China, the US and the paradox of tension in the Taiwan Strait
Emanuele Scimia says Taiwan’s newly elected president Tsai Ing-wen appears determined to maintain good relations with Beijing, but that might change in the coming months, leaving Washington to play the role of peacemaker
Though she is the chairwoman of a pro-independence political force, the Democratic Progressive Party, newly elected Taiwanese president Tsai Ing-wen appears determined to maintain the status quo across the Taiwan Strait. In Tsai’s view, the self-governed island and mainland China share a common interest in nurturing peaceful and stable relations.
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Tsai’s manifest cooperative approach to cross-strait affairs should not only calm China’s fears of the emergence of a potential independence-leaning leadership in Taipei, but also the fears of the United States.
The US government would rather Tsai’s future cabinet uphold and upgrade the progress made with China by outgoing president Ma Ying-jeou of the Kuomintang.
There is widespread conviction in Washington that a closer economic relationship between Taipei and Beijing may be more helpful in advancing a Pacific coexistence in the Taiwan Strait than military deterrence.
Chinese leaders could be suspicious of Tsai, who does not accept the “one-China” policy, the principle that Taiwan is a part of China. Beijing has been considering Taiwan a breakaway province since 1949, when the KMT lost the Chinese civil war to the communists and fled to the island, founding a de facto state entity.
China has often threatened to take the island back, with force if needed. Relations between Beijing and Taipei deteriorated in particular between 2000 and 2008, when then Taiwanese president, Chen Shui-bian of the DPP, strived to move the island toward de jure independence.
The situation has changed over the past eight years with Ma, who has been working to normalise relations with Beijing and reassure the leadership on the mainland about his opposition to any pro-independence initiative.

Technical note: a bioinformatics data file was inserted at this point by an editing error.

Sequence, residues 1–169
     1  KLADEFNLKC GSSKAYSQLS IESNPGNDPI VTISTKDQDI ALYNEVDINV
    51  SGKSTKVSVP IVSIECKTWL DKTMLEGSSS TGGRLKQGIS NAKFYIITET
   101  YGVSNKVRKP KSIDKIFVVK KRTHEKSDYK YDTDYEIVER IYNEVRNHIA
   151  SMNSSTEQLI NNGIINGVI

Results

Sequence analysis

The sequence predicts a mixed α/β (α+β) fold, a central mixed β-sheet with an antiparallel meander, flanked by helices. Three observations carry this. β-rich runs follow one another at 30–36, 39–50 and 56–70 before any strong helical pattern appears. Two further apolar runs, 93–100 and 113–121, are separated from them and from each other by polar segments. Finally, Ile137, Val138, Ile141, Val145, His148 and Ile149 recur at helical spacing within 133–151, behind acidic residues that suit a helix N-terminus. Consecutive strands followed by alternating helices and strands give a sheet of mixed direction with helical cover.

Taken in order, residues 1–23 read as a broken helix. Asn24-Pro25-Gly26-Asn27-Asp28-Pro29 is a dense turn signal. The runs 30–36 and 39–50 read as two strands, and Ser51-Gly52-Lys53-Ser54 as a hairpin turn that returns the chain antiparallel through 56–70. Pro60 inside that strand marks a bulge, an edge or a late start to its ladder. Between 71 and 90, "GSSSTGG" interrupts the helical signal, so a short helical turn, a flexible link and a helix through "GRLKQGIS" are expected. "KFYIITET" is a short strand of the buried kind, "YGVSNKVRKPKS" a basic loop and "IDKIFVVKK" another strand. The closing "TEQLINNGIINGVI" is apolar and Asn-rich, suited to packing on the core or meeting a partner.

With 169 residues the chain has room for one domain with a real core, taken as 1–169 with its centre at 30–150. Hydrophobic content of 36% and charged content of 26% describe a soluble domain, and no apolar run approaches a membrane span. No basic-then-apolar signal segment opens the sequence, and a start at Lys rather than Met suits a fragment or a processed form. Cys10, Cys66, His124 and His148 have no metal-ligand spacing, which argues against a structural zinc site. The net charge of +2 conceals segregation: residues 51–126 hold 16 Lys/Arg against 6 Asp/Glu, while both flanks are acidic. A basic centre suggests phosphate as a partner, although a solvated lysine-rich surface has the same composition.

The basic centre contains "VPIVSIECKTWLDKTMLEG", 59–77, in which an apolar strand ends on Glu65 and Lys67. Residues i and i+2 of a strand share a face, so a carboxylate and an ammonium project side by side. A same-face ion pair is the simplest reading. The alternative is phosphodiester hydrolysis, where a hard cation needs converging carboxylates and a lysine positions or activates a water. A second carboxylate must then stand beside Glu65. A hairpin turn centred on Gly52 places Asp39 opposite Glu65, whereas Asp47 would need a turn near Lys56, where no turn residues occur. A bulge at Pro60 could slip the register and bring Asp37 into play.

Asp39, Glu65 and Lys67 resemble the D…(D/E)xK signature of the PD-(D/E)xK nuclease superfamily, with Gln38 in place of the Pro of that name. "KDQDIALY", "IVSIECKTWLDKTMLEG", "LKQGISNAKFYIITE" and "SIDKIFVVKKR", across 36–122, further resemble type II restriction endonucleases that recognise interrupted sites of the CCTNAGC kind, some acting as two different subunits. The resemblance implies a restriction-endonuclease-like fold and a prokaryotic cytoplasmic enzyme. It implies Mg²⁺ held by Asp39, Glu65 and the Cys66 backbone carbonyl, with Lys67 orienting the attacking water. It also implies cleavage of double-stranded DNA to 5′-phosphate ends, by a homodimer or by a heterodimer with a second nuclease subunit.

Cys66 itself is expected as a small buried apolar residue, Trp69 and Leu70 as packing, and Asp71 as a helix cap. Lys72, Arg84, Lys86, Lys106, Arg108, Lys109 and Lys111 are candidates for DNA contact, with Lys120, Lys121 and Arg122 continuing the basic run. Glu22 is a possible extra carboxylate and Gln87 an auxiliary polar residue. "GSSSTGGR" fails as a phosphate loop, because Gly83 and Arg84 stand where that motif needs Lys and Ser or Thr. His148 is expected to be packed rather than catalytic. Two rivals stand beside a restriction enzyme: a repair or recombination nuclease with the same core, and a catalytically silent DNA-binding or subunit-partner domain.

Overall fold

Ma’s political and economic overtures to the mainland eliminated, at least temporarily, a point of friction between the US and China. With Tsai’s election victory, the balance across the strait again becomes precarious.
It might be shattered if Tsai were to change tack on independence down the road – like Chen did during his presidency – or if Beijing were to assume a hostile posture against an interlocutor that it perceives as unreliable.
Strained cross-strait relations would probably mean more enmity between China and the US, while Washington has been doing its best to ward off conflict with Beijing over Taiwan.
Even the recent approval by the US government of an arms sale to Taipei under the 1979 Taiwan Relations Act is seen among American political circles as a limited move that should not hurt Beijing’s core national interests.
However, in the face of escalating tensions across the strait, the geopolitical scenario for the US might not be so dramatic. The triangular relationship between Taiwan, China and the US could in fact move towards a “paradox of tension”, with Washington possibly assuming the role of indispensable broker between Taipei and Beijing.
Given this background, US-China mutual dependence on the handling of cross-strait dynamics might extend to the South China Sea and the East China Sea, where maritime border disputes pit China against a number of increasingly confrontational neighbours, which are ultimately backed by the US.
Easing tensions between China and Taiwan is a task Washington successfully accomplished during Chen’s tenure. It was hard work, but George W. Bush, then US president, managed to keep the situation in check on both sides, helping to contain the conflict between the mainland and the self-ruled island.
It was probably Bush Jnr’s only foreign policy achievement, a diplomatic heritage the incumbent US administration and its successor should draw on.
Emanuele Scimia is a journalist and foreign affairs analyst